Debates between Russia and the EU about the problem of Kaliningrad (Russia's westernmost exclave on the Baltic Sea that was previously, before 1945, known as East Prussia) are growing ever more bitter with each day. And that is not accidental -- next to the EU Kaliningrad would also be "surrounded" by NATO, and that would be another test for the newly declared relations between Russia and the West.
A NATO summit in Prague, scheduled for November of this year, will decide to admit a number of East European countries into the North Atlantic alliance. It is quite probable that among its new members we will see the Baltic states as well -- Lithuania, Latvia and Estonia. In this case the Kaliningrad region will become an island or a fortress, whichever one likes best, inside NATO.
After the adoption of the Rome Declaration on the establishment of a 20-member Russia-NATO Council and a turn towards new relations between them, official rhetoric concerning NATO expansion somewhat abated. But concern remains, which was confirmed by a statement from Russia's Defence Minister Sergei Ivanov during his recent Scandinavian tour.
The minister, for example, noted that in this case Russia "will have to review its guidelines regarding not only its own military structure, but also the entire spectrum of international relations both with the alliance as a whole and with the Baltic states".
Some military experts believe that in view of the altered military-political situation we will have to site Iskander-type shorter-range missiles on the territory of its exclave and, moreover, tactical nuclear weapons. But whether or not NATO's eastward expansion will generate new threats to Russia's security and whether it will be necessary to spend lots of money on changing the strategic infrastructure calls, many military analysts think, for some deep thinking and discussions.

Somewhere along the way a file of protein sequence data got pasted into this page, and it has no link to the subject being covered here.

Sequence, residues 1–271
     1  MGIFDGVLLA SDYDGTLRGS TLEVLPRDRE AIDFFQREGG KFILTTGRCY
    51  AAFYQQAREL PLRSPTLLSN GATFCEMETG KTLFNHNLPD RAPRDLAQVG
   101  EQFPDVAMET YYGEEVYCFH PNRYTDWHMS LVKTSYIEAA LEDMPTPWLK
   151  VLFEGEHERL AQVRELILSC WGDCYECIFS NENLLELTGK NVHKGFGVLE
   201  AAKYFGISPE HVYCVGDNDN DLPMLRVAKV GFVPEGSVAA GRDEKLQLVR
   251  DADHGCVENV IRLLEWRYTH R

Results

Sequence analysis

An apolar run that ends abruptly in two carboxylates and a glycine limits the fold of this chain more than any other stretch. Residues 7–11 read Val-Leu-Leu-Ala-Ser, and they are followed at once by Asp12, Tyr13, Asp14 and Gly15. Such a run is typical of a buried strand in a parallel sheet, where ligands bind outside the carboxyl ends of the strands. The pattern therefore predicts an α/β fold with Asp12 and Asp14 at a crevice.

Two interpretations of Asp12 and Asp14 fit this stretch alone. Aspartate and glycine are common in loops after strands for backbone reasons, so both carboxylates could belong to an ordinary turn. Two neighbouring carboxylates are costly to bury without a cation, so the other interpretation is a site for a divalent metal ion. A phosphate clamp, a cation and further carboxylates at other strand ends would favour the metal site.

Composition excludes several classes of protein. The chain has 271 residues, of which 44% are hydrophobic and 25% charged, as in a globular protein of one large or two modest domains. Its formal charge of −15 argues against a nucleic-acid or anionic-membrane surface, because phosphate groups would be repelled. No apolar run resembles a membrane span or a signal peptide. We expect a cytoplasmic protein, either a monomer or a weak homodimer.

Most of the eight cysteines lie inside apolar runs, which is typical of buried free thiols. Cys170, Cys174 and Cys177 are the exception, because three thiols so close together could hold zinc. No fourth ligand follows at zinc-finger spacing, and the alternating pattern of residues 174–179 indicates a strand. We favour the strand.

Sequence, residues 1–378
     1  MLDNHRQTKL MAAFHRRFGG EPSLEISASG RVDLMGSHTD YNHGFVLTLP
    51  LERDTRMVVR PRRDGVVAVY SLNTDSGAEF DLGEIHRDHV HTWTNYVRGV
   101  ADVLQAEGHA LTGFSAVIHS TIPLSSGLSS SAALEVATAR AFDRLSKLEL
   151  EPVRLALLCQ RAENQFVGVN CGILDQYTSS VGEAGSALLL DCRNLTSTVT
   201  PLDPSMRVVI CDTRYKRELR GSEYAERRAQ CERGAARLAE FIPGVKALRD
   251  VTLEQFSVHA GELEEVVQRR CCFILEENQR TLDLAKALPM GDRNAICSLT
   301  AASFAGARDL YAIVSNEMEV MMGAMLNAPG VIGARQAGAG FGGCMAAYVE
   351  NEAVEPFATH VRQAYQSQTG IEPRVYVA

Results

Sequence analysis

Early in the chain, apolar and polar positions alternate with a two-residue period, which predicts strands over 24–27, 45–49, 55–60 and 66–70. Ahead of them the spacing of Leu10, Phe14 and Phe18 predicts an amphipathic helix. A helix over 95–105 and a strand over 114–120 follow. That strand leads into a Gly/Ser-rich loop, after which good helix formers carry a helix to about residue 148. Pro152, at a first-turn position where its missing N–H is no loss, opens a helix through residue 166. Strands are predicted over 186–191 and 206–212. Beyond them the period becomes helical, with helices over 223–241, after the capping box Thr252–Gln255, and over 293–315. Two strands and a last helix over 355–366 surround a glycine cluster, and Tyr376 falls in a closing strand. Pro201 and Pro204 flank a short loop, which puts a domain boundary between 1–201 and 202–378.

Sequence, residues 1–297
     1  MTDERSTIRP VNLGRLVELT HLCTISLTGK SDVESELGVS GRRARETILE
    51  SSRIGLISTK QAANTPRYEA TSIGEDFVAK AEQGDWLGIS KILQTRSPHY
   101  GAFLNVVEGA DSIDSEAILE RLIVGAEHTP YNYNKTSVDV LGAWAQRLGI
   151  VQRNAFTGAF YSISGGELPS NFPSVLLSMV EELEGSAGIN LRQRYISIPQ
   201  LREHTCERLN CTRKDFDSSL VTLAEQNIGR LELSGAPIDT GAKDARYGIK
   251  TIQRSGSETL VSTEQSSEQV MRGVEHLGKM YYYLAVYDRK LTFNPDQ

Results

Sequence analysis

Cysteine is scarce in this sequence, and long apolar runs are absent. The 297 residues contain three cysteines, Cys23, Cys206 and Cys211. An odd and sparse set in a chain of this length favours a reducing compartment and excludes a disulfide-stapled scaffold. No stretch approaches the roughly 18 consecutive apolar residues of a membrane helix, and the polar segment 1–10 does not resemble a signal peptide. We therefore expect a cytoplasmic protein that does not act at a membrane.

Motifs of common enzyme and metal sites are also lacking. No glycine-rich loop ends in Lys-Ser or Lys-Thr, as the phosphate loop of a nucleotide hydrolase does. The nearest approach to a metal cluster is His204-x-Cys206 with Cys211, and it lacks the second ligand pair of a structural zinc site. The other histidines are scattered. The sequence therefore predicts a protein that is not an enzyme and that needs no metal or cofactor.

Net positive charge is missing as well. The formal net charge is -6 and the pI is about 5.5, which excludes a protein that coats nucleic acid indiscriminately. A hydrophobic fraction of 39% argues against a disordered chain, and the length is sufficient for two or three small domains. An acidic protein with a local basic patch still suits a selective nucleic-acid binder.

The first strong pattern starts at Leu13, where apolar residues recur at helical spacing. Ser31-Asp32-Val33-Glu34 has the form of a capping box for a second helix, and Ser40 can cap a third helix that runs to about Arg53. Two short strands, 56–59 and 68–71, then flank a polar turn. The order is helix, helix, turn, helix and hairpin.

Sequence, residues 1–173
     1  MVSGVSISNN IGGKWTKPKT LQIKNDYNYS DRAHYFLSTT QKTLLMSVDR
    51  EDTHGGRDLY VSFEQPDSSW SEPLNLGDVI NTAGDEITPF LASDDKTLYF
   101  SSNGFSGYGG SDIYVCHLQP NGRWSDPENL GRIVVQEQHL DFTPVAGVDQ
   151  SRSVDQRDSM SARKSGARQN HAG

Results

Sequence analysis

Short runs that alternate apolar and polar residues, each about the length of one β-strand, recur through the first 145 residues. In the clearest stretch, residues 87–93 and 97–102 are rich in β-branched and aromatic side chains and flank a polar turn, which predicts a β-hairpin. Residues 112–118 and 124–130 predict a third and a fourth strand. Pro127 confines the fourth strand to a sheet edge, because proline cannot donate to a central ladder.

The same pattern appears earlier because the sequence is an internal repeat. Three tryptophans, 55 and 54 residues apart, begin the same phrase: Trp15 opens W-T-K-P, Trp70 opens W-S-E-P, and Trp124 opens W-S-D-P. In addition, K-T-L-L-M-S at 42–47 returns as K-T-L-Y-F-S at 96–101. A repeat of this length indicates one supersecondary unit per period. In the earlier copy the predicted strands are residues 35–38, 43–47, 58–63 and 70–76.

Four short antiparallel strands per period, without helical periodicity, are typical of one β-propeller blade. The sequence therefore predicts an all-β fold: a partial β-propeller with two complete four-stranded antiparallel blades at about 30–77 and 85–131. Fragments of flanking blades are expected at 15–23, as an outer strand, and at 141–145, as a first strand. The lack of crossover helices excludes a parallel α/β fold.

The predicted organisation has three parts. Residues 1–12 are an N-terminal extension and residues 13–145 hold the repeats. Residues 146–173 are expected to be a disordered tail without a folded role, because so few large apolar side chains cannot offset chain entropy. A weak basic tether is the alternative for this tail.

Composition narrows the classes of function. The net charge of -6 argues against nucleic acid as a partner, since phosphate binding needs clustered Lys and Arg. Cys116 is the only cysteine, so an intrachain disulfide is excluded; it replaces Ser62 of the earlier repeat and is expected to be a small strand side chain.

The entry of Lithuania, Latvia or Estonia into NATO, although unpleasant for Russia in many respects, does not in itself present a direct serious military menace. (All three armies have a combined strength of 25,000 men and lack any significant offensive potential.) But with one important proviso -- if the alliance does not itself start deploying there its troops and bases storing combat equipment and weapons and organise a theatre with offensive aims. In short, if it does not upset the balance of strength existing in this region, as happened after the "first" eastward expansion of NATO, when the bloc was joined by Hungary, the Czech Republic and Poland.
Besides, none of the Baltic states is subject to the Conventional Forces in Europe (CFE) treaty. Nor are they obliged to observe arms quotas defined by that document, or accept control measures and military inspections by CFE member-countries. However, practical enforcement of such rules would become evidence of NATO's real and sincere attitude to Russia as its strategic partner.
In addition, the remaining questions concern military and technical supplies to our units deployed in the Kaliningrad region, movement of military cargoes there and back again, holding army and fleet exercises in coordination with units of other districts, and forces of all services and arms ...
Surrounded by NATO's military structures, this would probably be done with greater difficulty than now. Then again everything will depend on the goodwill and real teamwork between Russia and NATO in a format of, say, twenty-five, rather than a mere twenty as now.
When the leaders of the two great nations were discussing the fate of the world, journalists were analysing their vehicles and airplanes